by John Grooms
Unlike some clothing retailers, the Cato Co., a Charlotte-based chain of over 1,300 women's clothing stores in 31 states, is trying to downplay its ties to the Rana Plaza factory complex in Bangladesh. The fire, the worst accident in garment-industry history, killed some 400 people last week.
Some large companies with ties to the factory, including British low-cost retailer Primark, Canadian discount chain Loblaw, and Spain's huge El Corte Ingles retailers, have pledged to take part in a compensation fund that the Clean Clothes Campaign, an anti-sweatshop group based in Holland, hopes to build to $30 million.
In addition, representatives of two dozen retailers and clothing brands, including Walmart, The Gap and others, met in Germany to discuss what they could do to improve factory safety in Bangladesh. Some companies, including the parent company of Calvin Klein and Tommy Hilfiger, have even agreed to help bankroll any needed fire safety or building improvements.
Cato, on the other hand, joined the group of retailers trying to run away from the Bangladeshi disaster as fast as they can. Cato admitted that it buys clothes from a vendor whose garments are made at the Rana Plaza factory complex, but quickly added, "we did not have any ongoing production at the time of the incident." Which is, of course, completely beside the point. Cato did regularly buy garments from the deadly, illegally built factory - in fact, as reported by the New York Times, Cato received more than 90,000 pounds of apparel from the factory since November 2012 - and thus contributed to the repugnant conditions that led to the disastrous April 29 accident.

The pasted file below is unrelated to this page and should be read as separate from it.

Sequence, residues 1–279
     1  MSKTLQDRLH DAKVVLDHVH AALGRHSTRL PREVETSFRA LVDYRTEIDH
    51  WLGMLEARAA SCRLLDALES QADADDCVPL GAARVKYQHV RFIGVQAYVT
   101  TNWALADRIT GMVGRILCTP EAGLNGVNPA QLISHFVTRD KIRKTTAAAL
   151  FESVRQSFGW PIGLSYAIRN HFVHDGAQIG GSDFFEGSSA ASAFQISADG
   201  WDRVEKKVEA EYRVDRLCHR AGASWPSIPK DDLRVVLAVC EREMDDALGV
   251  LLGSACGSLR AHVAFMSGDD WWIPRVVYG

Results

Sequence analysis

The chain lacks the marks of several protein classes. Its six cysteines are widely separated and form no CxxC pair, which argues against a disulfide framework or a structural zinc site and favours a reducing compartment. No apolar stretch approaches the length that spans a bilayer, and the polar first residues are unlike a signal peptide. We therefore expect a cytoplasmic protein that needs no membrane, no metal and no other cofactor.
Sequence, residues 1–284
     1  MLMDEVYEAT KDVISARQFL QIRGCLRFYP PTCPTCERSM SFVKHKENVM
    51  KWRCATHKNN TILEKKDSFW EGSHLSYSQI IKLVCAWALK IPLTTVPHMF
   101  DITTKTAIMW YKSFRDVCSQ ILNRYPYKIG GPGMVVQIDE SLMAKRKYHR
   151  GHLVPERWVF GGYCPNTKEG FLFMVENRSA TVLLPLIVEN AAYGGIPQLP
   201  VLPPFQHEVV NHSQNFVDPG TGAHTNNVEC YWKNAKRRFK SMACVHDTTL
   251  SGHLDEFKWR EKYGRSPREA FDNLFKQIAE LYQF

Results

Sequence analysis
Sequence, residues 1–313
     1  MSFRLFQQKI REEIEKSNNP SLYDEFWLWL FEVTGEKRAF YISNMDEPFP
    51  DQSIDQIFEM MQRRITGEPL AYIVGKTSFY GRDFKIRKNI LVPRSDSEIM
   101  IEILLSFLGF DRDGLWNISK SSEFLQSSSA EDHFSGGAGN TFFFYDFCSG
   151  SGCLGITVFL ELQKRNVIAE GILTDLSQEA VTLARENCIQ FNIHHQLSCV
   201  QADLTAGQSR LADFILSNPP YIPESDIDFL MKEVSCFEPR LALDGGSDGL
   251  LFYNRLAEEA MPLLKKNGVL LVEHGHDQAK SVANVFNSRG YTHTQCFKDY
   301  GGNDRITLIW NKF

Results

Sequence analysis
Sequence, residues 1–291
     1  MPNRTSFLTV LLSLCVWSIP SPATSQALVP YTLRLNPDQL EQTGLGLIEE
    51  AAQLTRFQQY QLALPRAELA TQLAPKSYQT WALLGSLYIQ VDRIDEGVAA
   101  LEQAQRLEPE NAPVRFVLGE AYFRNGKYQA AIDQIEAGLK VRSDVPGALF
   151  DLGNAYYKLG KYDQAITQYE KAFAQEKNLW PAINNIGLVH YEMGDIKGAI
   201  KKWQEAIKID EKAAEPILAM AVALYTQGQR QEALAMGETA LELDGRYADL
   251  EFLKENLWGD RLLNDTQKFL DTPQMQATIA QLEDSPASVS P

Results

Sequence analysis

Cato's flimsy look-away explanation is a real disappointment. At a time when a growing number of corporations are embracing - OK, are being successfully pressured to embrace - greater degrees of corporate social responsibility, whether legally required or not, Cato ducks its head and tries to dodge the whole thing.